The biggest problem we have in our child-directed learning program is that my kids want to play video games all day. Well, that’s not true. They’ll choose eating over video games if they’re hungry. And they’ll choose to turn off their games to participate in activities they’ve chosen, like swimming or skateboarding.

But the way to deal with any moment of boredom is to turn on the video games. And in our lives, that means anything from a two-minute drive to the wood pile to a 90-minute drive into Madison. I have made a compromise with them: they turn down the volume on their DS’s and I play whatever violin or cello piece they are learning, or Bach, or, sometimes I take special requests like Willow Smith.

But I still have huge guilt that the kids play so many hours a day.

Fortunately, Lisa Nielsen (who wrote a guest post on this blog about video games) directed me to this post by Peter Gray, a professor of psychology at Boston College. He has great arguments about why it’s important to let kids play video games if that’s their choice.

His first argument is that we should show kids that we trust them to make good choices about what they do with their time. He says kids really do know what is interesting and stimulating to them, and if they have a wide range of choices, we should trust them to make good ones.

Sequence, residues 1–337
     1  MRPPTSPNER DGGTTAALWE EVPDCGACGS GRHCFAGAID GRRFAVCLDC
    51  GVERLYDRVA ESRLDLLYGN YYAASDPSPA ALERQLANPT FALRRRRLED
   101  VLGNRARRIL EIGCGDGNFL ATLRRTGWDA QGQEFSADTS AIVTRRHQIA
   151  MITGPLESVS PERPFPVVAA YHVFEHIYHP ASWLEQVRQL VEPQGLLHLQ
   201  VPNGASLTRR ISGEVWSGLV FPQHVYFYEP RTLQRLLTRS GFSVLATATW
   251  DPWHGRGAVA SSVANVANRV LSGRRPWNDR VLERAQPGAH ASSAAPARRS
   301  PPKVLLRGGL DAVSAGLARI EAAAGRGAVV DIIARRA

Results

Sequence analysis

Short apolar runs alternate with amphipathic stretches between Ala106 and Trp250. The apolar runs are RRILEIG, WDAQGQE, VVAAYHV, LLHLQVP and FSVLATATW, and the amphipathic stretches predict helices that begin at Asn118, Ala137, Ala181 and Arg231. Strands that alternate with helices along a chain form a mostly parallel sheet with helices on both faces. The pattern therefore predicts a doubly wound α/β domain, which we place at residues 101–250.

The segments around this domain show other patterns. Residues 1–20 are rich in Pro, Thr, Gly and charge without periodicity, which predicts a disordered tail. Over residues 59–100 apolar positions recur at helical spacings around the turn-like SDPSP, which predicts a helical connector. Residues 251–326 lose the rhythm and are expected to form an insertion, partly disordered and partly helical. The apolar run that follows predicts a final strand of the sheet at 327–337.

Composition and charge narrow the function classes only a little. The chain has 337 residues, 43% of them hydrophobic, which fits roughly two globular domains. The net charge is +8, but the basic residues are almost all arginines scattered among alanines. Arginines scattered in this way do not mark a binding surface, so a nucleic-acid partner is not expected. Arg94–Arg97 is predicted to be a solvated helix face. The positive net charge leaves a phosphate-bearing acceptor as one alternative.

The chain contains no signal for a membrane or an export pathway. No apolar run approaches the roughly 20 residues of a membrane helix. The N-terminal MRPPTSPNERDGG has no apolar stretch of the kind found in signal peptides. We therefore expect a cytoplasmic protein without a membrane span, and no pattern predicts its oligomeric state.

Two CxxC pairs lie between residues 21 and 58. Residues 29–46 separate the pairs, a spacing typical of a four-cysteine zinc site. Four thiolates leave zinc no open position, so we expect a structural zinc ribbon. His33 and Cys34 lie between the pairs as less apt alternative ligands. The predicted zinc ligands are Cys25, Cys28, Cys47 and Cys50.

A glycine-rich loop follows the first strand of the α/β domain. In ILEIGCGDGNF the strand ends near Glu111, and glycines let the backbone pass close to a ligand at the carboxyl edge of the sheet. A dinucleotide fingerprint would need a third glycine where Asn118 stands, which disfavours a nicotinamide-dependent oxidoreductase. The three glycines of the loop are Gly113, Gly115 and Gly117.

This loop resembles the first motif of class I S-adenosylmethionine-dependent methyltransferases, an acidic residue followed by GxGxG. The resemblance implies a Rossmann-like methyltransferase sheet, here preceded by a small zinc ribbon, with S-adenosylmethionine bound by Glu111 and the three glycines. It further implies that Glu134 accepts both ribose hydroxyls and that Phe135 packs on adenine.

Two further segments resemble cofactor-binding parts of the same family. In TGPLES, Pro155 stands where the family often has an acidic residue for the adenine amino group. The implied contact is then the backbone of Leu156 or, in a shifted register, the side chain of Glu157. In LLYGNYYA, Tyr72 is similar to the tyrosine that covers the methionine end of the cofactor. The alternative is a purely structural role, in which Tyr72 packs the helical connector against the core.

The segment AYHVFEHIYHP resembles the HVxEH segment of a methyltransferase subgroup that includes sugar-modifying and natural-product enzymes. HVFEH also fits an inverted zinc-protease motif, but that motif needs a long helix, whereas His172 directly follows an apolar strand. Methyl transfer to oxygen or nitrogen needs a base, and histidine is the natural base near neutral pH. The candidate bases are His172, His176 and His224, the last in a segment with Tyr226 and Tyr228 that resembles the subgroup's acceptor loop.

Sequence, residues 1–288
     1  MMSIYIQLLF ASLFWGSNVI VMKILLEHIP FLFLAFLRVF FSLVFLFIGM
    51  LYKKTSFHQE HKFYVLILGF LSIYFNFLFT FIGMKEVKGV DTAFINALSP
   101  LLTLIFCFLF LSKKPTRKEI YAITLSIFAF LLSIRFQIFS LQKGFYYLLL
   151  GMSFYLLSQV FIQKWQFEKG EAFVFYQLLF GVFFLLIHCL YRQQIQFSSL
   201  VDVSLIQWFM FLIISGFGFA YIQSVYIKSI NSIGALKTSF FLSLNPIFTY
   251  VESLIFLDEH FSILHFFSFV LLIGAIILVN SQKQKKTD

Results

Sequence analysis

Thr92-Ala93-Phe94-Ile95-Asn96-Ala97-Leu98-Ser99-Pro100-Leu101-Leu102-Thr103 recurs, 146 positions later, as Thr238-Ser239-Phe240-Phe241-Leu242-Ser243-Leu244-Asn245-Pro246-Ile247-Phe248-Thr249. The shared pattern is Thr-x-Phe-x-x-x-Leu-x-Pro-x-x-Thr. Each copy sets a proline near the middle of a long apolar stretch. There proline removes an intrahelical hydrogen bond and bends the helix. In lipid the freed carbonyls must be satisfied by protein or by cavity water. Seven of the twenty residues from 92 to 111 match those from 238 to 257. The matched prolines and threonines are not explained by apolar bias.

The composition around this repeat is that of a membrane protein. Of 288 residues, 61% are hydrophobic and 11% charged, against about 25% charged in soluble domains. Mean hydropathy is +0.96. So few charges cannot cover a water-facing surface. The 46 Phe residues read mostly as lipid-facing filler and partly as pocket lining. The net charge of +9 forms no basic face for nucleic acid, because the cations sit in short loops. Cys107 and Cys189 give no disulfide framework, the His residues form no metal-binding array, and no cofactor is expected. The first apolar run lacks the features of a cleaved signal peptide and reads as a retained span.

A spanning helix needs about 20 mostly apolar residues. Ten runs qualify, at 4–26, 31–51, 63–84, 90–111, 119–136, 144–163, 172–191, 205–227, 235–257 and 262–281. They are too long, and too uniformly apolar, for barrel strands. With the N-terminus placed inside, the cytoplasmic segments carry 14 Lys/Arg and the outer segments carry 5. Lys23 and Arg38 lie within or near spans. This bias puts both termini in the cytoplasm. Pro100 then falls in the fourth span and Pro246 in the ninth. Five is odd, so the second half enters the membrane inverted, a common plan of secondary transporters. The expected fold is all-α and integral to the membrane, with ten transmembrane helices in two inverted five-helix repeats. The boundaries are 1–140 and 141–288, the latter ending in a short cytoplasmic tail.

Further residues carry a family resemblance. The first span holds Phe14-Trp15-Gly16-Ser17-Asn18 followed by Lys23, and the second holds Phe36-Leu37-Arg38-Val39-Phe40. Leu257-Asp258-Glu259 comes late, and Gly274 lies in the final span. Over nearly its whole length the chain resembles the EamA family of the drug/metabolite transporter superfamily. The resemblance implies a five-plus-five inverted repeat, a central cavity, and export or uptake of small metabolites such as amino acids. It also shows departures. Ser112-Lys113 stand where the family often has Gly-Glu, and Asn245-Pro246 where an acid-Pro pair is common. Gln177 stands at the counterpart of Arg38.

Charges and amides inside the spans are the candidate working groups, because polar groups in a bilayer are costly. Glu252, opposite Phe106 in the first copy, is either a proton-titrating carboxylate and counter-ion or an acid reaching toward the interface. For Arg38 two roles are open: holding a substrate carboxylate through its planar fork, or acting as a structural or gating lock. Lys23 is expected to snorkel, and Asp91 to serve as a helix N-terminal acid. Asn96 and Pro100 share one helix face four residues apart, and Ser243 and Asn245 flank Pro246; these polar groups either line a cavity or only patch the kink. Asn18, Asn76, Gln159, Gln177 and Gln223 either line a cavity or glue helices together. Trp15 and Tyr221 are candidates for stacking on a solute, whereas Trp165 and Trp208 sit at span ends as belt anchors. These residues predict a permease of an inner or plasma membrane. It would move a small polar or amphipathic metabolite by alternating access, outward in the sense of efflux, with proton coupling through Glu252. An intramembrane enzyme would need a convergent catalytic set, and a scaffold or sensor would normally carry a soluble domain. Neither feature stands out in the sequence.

The other argument that really blew me away, though, was that if you say that tons of video game playing is anti-social and too sedintary, then you must say that about reading, too. Because it’s true for both reading and video games.

In fact, you could say that video games are more social because kids love watching each other playing video games. So if you are so worried about social development then maybe you should tell your kid to stop reading and try some multi-player video games.

It’s hard for me to understand the video games. I don’t like them. But I do like reading. And if someone said to me that I can only read for an hour a day, I’d be anxious all day, trying to negotiate for more, and trying to sneak (reading pamphlets in the doctor’s office, maybe?) and I would never feel satisfied after my hour was done.

Thinking this way makes me feel that maybe unlimited time might work. Maybe I’ll give it a test.